Professor H Patrick McNeil
Professor H Patrick McNeil

Meet our new Executive Dean of Medicine

Join us in congratulating Professor H Patrick McNeil on his appointment to the role of Executive Dean of Medicine in our new Faculty of Medicine and Health Sciences.

We asked Professor McNeil a number of questions about his academic background, aspirations for the new role and the challenges that lie ahead.

What’s the elevator pitch/layman’s version of your academic background and expertise?
I grew up in Hobart and studied Medicine at the University of Tasmania. After hospital residency, I moved to Sydney to become a specialist in rheumatology (treating people with arthritis and connective tissue diseases). Because many types of arthritis are due to problems with the body’s immune system, I became interested in and undertook a PhD in Immunology at the University of New South Wales (UNSW). Then followed a post-doctoral fellowship at Harvard Medical School in Boston where I discovered new genes expressed by an immune cell called the ‘mast cell’. I returned from Boston to a clinical academic role at UNSW where my research since has focused on understanding the role of mast cells in arthritic diseases.

As a clinical academic over the past 21 years, I have combined research with teaching medical students, and treating patients with arthritis. I spent 12 years at Prince of Wales Hospital and in 2005 took up a chair in Rheumatology at Liverpool Hospital. Whilst at Prince of Wales Hospital, I became very interested in teaching and learning and undertook a Graduate Diploma in Higher Education. My passion for improving student learning led to a leadership role as Associate Dean, Education where we transformed UNSW’s medical curriculum to a highly innovative outcomes-based program that many now regard as one of Australia’s pre-eminent Medicine programs.

In more recent times I joined the leadership team at Liverpool Hospital as the Executive Clinical Director. In this role, I have been working to transform the ways that doctors, nurses and health professionals interact with each other and do their work to ensure patients receive timely, safe and effective care when they require hospital treatment.

Arthritis is a common problem and seriously under-funded and under-recognised for its contribution to overall health burden. I became Chair of Arthritis Australia in 2010 to assist in its mission of advocating for and improving the lives of the 3 million Australian people living with arthritis.

Why did you choose that discipline?
Rheumatology was a relatively new discipline when I was doing my clinical training, at which time the available treatments were limited and doctors were not well trained to care for people with arthritis and related conditions. I thought there was a lot of room for improvement and research in immunology was just taking off. Over my career, medical research has generated a paradigm shift in new treatments for people with types of arthritis that involve inflammation in the joints, for example rheumatoid arthritis. As a result, we now have many highly effective treatments that have revolutionised the way rheumatologists can care for their patients.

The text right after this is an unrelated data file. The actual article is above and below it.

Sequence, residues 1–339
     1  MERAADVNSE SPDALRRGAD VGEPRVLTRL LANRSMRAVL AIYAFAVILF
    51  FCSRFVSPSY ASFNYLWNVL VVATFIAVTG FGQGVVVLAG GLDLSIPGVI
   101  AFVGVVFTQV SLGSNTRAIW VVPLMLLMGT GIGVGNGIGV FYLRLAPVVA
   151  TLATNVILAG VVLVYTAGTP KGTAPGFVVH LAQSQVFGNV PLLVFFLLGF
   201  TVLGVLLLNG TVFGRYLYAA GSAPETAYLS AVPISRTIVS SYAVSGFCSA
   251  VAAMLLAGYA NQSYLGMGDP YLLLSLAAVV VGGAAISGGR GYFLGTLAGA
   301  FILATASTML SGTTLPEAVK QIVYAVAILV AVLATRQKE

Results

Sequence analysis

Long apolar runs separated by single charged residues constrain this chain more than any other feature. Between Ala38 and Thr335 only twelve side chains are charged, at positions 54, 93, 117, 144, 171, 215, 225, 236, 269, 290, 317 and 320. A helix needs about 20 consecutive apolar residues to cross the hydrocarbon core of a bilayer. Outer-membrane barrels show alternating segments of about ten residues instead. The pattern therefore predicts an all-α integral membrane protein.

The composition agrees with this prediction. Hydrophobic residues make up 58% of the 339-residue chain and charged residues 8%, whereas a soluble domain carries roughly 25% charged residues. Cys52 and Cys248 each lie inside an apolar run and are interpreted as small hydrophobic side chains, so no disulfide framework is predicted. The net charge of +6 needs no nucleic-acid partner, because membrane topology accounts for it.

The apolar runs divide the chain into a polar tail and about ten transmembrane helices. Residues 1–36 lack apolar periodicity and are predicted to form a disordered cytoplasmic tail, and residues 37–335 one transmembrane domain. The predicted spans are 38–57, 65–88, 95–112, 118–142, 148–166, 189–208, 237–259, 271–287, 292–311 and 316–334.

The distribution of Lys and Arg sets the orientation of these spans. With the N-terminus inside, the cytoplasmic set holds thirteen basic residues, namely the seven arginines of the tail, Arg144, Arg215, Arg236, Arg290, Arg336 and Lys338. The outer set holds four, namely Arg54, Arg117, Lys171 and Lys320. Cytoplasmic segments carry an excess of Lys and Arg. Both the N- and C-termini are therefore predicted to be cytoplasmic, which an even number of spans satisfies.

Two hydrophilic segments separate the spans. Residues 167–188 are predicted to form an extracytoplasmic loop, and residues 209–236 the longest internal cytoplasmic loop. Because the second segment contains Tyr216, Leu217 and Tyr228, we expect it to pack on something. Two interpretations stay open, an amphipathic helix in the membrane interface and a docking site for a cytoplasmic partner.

What attracted you to Macquarie?
I love being involved in innovation and creativity and believe Macquarie has a great opportunity to construct a unique academic health care enterprise that can drive expansion of health-related research and education programs. Macquarie has a history of being different and challenging tradition and that suits my passion for innovation and improvement. The role requires a focus on research, teaching and clinical care and the opportunity to integrate these three areas of academic scholarship at Macquarie is an attractive prospect.

What do you hope to achieve in the new role?
Building a new Faculty is both challenging and exciting and I would aim to accelerate the research mission, building upon current strengths in the Australian School of Advanced Medicine, and developing partnerships available because of Macquarie’s location and relationships with a biotechnology corridor.

Creation of a precertification Medicine program is a priority that should be considered. If we go that way, I would hope to build a high degree of flexibility and innovation in the design and teaching and learning philosophy of such a program. I will ensure a strong focus on quality in the student experience to attract high calibre students to the Faculty’s pre-certification and post-graduate programs.

My vision for the academic health centre formed by Macquarie University Hospital and the Faculty is the provision of cutting edge clinical care, placing the patient at its focus of its operations with a strong emphasis on quality and safety. It will value its staff, create a learning workplace, and foster a culture of collaboration and inter-disciplinary care. Over time, I see the Macquarie University health care enterprise as being the institution of choice for clinicians and researchers at the top of their fields.

What do you see as the opportunities and challenges for Macquarie in the next 5-10 years?
As an outsider, I need to spend time learning more about Macquarie’s existing strengths before answering this question. However, I see Macquarie as being well placed to navigate the challenges that the entire higher education sector will face in the next decade. Maintaining and increasing educational quality should always be a priority of universities, and I am impressed by Macquarie’s commitment to transformative learning, and emphasis on experiential learning including the PACE program. I believe the research mission improves learning at every level, and I see Macquarie’s research acceleration will provide opportunities for these two components of academia to be increasingly integrated.

Read the Vice-Chancellor’s announcement of the appointment.

Find out more about the new Faculty of Medicine and Health Sciences.